Well, there was never any doubt that they’d be swimming in cash.
U.S. Sen. Kay Bailey Hutchison moved nearly $8 million into her state campaign finance account last year — a high-stakes signal that she is committed to running for Texas governor in 2010.
In December she transferred most of that money from her U.S. Senate campaign account, according to campaign finance reports released Thursday. She started the year with $7.9 million in the bank.
Gov. Rick Perry, who intends to seek re-election, will prove a formidable foe with $6.6 million in the bank so far, according to the reports. A political battle between the two could cost each of them more than $20 million.
Remember how many ads there were on the TV this past fall, even though the Presidential campaigns didn’t do much? We got off way easy compared to what this might be. Be prepared to be very sick of this in another year or so.
So does this mean that KBH is for sure running for Governor? She thinks she is, and I think she is, too. But I still think you never really know with her, and you won’t know for sure till she files for the primary. And even if she does run, it still doesn’t mean she’ll resign from the Senate first. Go read that Politico article again and see just how much KBH and her decision are in the spotlight. If it were just a matter of her winning next November, that would be one thing. But she has to win a Republican primary first, and I don’t see how she can afford to give Rick Perry that kind of ammunition to use against her. I just cannot imagine her resigning any time before March of 2010, if at all.
Which brings us to the eventual election, special or otherwise, to fill her seat. This bit from that Politico story is worth considering:
If Hutchison gives up her seat, national Republicans would likely move quickly to recruit their candidate and help raise money to ensure the seat stays in the party’s hands. But doing that would divert precious resources that would otherwise be used to help the party recover from two disastrous elections and defend four open seats in 2010.
“It’s more than a casual interest that we at least maintain 41 senators,” said Texas’ junior senator, John Cornyn, who chairs the National Republican Senatorial Committee. He told reporters Wednesday that Hutchison might not resign if she pursues her governor’s bid.
Hutchison’s resignation likely would set off a primary battle between state and congressional lawmakers and state officials, according to local political operatives. A couple of prominent GOP names have also recently bubbled up as potential Hutchison successors, including state Attorney General Greg Abbott and Lt. Gov. David Dewhurst.
And even though Democrats would have a tough climb to win the Senate seat, some already have their eyes on it, including Houston Mayor Bill White. The national party would undoubtedly put a huge amount of resources into the race if winning it would get Senate Democrats to the magic number of 60.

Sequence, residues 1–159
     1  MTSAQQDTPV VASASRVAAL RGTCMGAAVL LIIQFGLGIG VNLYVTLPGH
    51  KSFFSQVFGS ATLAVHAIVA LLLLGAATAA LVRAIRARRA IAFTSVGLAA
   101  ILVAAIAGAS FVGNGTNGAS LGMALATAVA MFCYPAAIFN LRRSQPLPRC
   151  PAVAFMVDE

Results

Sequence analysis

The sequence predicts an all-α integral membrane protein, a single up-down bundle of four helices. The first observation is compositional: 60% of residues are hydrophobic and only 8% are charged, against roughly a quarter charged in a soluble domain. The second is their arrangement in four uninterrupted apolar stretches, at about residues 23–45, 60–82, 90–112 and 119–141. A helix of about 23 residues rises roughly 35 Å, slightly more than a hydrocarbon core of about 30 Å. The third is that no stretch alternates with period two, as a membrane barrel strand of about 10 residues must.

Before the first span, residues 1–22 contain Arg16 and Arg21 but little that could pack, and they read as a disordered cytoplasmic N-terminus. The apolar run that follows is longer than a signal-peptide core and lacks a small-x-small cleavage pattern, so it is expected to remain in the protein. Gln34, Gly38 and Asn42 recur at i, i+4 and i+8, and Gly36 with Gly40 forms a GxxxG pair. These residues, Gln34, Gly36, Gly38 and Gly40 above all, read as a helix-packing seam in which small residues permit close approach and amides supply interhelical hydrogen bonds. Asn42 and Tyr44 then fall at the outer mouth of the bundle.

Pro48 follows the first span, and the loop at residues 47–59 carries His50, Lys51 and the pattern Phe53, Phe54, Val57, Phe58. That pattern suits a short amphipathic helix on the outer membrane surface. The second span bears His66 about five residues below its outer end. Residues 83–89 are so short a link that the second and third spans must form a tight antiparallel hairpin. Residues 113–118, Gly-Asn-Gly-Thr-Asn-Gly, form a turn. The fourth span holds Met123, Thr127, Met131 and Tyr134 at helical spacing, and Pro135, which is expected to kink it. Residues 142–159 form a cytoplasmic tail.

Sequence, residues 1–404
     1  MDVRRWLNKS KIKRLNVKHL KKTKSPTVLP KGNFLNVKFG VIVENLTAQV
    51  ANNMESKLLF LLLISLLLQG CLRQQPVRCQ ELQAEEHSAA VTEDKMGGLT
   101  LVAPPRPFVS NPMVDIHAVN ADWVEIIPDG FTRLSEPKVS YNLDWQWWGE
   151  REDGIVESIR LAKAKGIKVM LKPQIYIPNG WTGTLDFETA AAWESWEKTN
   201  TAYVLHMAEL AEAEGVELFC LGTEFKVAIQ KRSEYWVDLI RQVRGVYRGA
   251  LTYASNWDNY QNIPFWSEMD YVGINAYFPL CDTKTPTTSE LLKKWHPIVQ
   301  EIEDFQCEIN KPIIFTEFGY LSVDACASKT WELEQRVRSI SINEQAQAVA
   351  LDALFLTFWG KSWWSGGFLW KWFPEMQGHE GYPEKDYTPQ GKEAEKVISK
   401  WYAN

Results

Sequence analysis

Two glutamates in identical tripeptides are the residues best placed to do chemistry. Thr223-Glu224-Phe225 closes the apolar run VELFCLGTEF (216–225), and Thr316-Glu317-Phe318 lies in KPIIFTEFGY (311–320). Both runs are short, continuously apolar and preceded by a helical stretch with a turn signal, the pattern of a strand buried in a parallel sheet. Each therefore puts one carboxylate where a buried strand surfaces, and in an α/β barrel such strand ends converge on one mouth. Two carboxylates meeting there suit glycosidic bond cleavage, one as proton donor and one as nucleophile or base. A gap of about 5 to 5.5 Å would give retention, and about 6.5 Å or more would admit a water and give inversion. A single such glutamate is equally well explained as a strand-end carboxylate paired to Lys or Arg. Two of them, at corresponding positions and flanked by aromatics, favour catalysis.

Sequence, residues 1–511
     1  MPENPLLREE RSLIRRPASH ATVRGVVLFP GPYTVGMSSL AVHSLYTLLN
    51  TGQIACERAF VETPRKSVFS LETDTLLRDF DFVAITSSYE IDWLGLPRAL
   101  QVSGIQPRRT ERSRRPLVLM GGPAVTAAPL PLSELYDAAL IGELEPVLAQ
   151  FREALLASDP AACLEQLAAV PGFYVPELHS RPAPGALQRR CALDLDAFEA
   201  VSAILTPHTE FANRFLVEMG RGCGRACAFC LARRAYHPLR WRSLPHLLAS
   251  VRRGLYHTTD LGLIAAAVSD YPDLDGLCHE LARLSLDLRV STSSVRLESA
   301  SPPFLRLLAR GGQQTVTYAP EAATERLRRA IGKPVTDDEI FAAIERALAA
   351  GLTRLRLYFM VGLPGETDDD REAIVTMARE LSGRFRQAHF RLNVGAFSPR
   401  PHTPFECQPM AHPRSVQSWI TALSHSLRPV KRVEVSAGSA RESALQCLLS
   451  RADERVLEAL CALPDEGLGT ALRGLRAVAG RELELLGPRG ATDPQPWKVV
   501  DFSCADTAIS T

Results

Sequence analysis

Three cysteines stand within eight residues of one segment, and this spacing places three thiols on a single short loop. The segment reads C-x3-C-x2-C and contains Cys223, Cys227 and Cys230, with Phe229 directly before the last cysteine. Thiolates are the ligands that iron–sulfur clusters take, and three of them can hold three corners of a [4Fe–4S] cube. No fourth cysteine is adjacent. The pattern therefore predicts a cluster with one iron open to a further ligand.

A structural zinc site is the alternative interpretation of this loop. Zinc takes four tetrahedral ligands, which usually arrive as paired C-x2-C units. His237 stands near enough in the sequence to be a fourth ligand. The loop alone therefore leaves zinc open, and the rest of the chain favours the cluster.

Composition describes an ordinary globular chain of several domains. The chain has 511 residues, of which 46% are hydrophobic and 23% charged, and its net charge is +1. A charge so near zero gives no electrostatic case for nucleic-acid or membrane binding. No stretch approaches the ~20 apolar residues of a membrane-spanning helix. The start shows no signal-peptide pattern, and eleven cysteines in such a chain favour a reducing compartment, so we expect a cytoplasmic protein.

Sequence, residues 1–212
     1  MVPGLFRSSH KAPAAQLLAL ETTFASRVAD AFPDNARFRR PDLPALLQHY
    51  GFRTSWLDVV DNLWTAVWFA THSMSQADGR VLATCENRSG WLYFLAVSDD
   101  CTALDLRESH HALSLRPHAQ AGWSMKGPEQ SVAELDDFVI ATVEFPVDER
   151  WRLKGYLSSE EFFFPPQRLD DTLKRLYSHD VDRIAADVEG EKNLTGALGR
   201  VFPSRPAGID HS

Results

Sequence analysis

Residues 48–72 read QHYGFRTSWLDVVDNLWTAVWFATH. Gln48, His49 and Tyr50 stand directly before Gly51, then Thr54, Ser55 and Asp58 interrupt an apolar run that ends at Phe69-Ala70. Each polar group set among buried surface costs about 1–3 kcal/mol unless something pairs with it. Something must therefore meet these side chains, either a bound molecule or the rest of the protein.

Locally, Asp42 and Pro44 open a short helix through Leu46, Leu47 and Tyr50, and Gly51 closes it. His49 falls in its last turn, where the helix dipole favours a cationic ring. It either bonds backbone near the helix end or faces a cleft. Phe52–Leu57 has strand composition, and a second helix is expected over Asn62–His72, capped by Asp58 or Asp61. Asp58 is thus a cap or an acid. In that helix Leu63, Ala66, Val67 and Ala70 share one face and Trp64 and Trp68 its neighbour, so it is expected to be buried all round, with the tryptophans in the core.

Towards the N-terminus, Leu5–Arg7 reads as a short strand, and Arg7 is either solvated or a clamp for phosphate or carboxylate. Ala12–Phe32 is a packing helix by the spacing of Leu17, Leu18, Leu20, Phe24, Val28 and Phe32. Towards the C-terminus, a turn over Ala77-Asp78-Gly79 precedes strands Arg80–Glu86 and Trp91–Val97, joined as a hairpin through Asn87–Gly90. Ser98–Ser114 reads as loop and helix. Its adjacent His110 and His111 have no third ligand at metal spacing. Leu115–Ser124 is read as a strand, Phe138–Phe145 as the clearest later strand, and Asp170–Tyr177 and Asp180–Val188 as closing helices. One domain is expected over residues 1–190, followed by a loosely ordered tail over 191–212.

The prospect of national money changes things in a couple of ways. For one, I think it renders the Rick Casey scenario essentially moot. If the election were this May, with the current field of Bill White, John Sharp, Roger Williams, Michael Williams, Florence Shapiro, and Elizabeth Ames Jones, I could imagine the two Dems splitting 45% and the four GOPers splitting the rest, with none of them breaking 20% and thus yielding an all-Dem runoff. That’s because none of the GOPers has a particularly high profile, so none of them would be likely to break away from the pack. A few million dollars, plus some big endorsements and whatever help the NRSC – conveniently chaired by Texas’ junior Senator – can offer goes a long way towards distinguishing one of these contenders. Under those conditions, I can’t imagine whichever one of them drew the golden ticket would not do far better than 20%; he or she would probably lead the field, and then win the runoff comfortably.
It gets a bit more complicated if a Dewhurst or an Abbott, both of whom have statewide profiles as well as a boatload of their own money, jumps in. Most likely, either one of them gets in because he’s the chosen one, or they both stay out because it’s made clear to them that they’re not. Dewhurst could still run anyway if he got piqued about it, but I wouldn’t expect that. Bottom line is that someone on the Republican side is going to have a ton of resources available. That person will be a huge favorite to win. We can spin theories and possibilities and what-ifs all we want, but that strikes me as the most probably outcome.
So given that one Republican contender will almost surely have the near-full force of the national and state parties behind him or her, doesn’t this change the math for the two Democrats? For one thing, we come back to the same question we started off with, which is how do you win the inevitable runoff? I seriously doubt either of them has an answer to that question right now. Sure, the national Dems will be there to help as well, but in a war of statewide turnout with a motivated Republican electorate, how do you win? I don’t have an answer for that, either.
Which brings me back to the question I keep asking: Why not try for Governor instead? KBH hasn’t won that primary against Rick Perry yet. She may stay in her seat through November of 2010 – or at least through September of 2010, which would be good enough for special election purposes – which would give you a second bite at the statewide apple if she beats both Perry and you. The national GOP isn’t going to care about that race. The issues won’t get tied up nearly as much in the state of the nation and the Obama administration, so you’ll have hopes for crossovers. Just based on the non-trivial chance that Perry takes the primary, I don’t see how this race doesn’t offer better odds of a Democrat winning. And yet here we are. It’s still a little too early to be officially worried about 2010, but it’s certainly not irrational to be.